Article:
Mile 5. Nothing better than running through Magic Kingdom. The castle is such a symbolic icon of human creativity and ingenuity. Running through here is an expression of pure joy. Joy -- a simple 3 letter word that will heal virtually any sickness or emotional situation, regardless of external circumstances. Pure joy. Needless to say, those 2 words will be accompanying me for the rest of my life.

Mile 4. I see Lisa, complete with huge smile. I have never felt more fortunate than I do now. I am participating in an event that I love, seeing the person I love and having a most memorable experience. To think, I almost talked myself out of this a few months ago. What was I thinking! This is fantastic!!

Mile 3. I see Jack and other characters from one of favorites, Nightmare Before Christmas. I want to get a picture but the line is so long. So I run by, only to stop on a dime. I want a picture! So, I hit it in reverse can trot back the 1/10 of a mile to wait in line for a picture.

Wow. Simple picture but powerful message. Go for what you want, regardless of circumstances. The line was long but went by fast, taking all of 6 minutes. 6 minutes of waiting, which including a great talk with a couple from Michigan. 6 minutes to get a picture which I will treasure. Be patient and ask for what you want. When the opportunity arises, which it most certainly will, GO FOR IT.

Some of life's deepest messages need not come in dramatic fashion. Someone does not have to die or get sick or lose their job for a powerful reminder to be learned. Sometimes, it is the simple pleasures that we talk ourselves out of, that give us what we need to learn. A whisper. A touch on the shoulder. Listen. Your life may never be the same.

Mile 2. I am fighting feeling a little disappointed that no one but Lisa came to my marathon. Over the years, I have gone out of my way to be there for others, from 5K to swimming events to marathons, yet I can count on one hand the individuals who have supported yours truly. And still have 3 or 4 fingers left over.

This sounds like my first opportunity during the marathon to learn a valuable lesson. Do what you want, help others and perhaps, expect nothing. Expectations, particularly from others, has always gotten me in hot water. I sometimes expect others to act in a certain way and am invariably disappointed when such is not the case. Now seems like a good time to drop off this habit.

Letting go has always been a message from history. Letting go has always been a message from the Masters. Now seems like a good time to apply it. Ok. . . back on track, happy as a clam. 24 more miles and here I come!

The starting line. Normally, the finish line is the one I am not 100% certain about seeing. This year, I have flip-flopped and waffled about participating in this event, the type of training I would do and my overall feelings for endurance sport. Take the words, Yes, No, Maybe, Sometimes and Part Of It and throw them in a blender. Take out 3 scraps of paper and this is what my answers felt like.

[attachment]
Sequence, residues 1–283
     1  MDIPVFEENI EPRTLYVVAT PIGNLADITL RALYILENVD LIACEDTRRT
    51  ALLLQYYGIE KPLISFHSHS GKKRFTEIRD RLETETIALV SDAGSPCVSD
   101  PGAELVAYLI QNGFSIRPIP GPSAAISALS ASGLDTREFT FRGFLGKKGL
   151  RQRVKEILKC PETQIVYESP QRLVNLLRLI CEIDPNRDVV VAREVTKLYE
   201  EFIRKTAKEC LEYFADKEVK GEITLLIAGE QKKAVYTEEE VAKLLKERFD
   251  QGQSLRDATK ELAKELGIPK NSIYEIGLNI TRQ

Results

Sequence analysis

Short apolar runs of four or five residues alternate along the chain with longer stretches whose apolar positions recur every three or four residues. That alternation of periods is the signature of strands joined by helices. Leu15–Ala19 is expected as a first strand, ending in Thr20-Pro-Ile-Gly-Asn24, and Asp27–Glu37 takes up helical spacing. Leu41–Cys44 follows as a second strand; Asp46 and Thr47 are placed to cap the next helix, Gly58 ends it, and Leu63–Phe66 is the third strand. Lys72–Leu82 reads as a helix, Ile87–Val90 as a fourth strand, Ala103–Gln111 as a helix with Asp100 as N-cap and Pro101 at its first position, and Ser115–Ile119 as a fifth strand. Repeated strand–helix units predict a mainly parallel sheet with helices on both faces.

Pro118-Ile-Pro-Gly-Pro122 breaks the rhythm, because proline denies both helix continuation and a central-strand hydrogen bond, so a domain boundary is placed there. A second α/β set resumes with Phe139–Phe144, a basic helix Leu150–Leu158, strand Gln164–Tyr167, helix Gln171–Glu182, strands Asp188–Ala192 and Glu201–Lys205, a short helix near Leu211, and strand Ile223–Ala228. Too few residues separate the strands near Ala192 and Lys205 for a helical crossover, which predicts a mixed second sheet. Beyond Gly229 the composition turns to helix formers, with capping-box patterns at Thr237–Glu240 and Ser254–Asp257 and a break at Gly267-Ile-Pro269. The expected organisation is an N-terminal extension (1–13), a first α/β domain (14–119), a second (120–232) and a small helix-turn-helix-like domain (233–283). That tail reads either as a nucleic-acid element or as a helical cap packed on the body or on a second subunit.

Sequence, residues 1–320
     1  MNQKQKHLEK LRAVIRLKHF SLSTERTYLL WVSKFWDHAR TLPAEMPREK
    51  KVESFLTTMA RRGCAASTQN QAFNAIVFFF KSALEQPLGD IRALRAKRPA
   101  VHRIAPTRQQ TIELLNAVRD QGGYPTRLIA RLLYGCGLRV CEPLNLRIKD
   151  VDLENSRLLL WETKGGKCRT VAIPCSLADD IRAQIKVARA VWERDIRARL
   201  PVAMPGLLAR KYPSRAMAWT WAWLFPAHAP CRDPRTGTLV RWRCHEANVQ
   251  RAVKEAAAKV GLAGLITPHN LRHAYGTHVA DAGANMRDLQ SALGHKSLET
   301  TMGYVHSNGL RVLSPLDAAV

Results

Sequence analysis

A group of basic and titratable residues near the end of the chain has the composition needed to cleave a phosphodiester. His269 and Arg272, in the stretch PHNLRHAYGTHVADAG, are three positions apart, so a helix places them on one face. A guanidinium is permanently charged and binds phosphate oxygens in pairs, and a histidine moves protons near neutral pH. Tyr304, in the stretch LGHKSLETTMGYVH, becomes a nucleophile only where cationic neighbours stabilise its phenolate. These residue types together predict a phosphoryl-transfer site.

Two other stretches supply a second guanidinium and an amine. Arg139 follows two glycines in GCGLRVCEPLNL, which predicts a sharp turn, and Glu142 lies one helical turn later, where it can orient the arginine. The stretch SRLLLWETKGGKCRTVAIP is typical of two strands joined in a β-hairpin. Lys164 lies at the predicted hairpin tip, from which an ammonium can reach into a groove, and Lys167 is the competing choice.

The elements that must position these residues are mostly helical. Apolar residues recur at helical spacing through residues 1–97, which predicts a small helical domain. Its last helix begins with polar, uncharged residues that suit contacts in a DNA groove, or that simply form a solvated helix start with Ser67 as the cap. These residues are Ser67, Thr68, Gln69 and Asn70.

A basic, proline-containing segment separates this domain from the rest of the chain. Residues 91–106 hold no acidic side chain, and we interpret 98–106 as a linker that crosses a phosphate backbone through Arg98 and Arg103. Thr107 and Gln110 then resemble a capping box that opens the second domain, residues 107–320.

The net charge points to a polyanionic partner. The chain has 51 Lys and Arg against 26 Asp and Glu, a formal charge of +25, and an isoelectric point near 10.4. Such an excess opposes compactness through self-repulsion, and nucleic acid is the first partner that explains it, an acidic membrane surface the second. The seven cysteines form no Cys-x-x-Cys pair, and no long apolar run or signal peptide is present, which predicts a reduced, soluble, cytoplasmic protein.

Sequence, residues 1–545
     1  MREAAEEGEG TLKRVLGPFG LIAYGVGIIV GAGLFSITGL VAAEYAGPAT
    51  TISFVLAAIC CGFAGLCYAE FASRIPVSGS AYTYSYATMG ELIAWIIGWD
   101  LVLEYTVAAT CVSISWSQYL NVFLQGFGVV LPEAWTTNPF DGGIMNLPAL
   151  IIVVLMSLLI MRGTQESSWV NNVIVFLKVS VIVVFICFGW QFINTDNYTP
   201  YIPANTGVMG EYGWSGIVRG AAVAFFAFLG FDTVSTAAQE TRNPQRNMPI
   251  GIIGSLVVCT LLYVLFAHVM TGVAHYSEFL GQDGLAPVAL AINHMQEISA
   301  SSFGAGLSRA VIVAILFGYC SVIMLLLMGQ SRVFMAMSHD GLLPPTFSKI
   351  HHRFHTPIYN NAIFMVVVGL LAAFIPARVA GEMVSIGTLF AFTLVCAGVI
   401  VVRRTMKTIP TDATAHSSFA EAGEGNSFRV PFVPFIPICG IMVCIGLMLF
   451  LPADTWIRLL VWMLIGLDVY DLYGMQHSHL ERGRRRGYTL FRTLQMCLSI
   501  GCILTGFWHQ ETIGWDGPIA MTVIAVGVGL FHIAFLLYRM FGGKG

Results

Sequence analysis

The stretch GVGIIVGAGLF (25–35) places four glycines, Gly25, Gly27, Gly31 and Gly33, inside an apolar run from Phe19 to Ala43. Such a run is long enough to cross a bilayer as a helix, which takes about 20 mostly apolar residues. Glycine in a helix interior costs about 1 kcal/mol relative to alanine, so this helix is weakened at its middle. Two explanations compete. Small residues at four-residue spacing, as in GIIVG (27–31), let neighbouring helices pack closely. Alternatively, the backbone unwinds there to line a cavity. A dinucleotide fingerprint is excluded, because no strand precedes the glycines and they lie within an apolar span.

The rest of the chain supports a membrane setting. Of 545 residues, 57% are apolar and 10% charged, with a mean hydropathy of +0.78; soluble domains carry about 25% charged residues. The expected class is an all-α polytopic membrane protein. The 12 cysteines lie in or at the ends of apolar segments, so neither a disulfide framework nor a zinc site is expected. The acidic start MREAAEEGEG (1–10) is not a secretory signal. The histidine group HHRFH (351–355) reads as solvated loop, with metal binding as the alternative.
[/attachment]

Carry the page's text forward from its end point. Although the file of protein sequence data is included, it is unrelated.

As I stand here at the start line, I realize that I spent so much time trying to get my outside world correct, that I neglected to tend to the inner world. I disregarded things that make me happy, choosing inside the "practical" thing. Happiness was replaced by 'being responsible." Of course being responsible really meant . . . . being afraid. Now we finally have the truth.

I spent a great deal of time living in fear last quarter and most of last year. I started living in the world, and not in MY world. Starting doing things in a common way, instead of a creative way. It was not surprising why the end result was confusion and fear.

As I look around at the thousands of happy faces, the Disney characters adding to the excitement and the colorful fireworks painting the sky, I am happy. When I am happy, there simply is no room for fear and that is the equation that works. I cancelled many events in the past 2 years and that empty space, which normally would have been filled with excitement and happy was left empty. Then fear crept in, albeit slowly and stealthily at first.

I don't know if a person can control fear. I certain cannot. But what I can do is fill my space which overwhelming joy and happiness that no room is left for anything negative.

I teach martial arts and often tell my group to go out and make BIG mistakes. Don't waste time or energy on stupid ones or small ones. Make them big so that you learn something of tremendous value. I took my own advice on this one.

I am all of 2 steps away from the Finish Line and this is the last time I will be doing the Disney Marathon in my 40's. Like every other time I ran this event, I laughed, learned and experience things that make my life so much better. This year was different though. Most of the other times I did this event, I brought back lessons and adventures that added. This time, I left the things that drain or take away from my life.

I finished and am happy, thrilled, sore and a lot lighter.

Author's Bio: 

David Orman is the creator of the best selling product, Doc Wellness Formula. It can be found at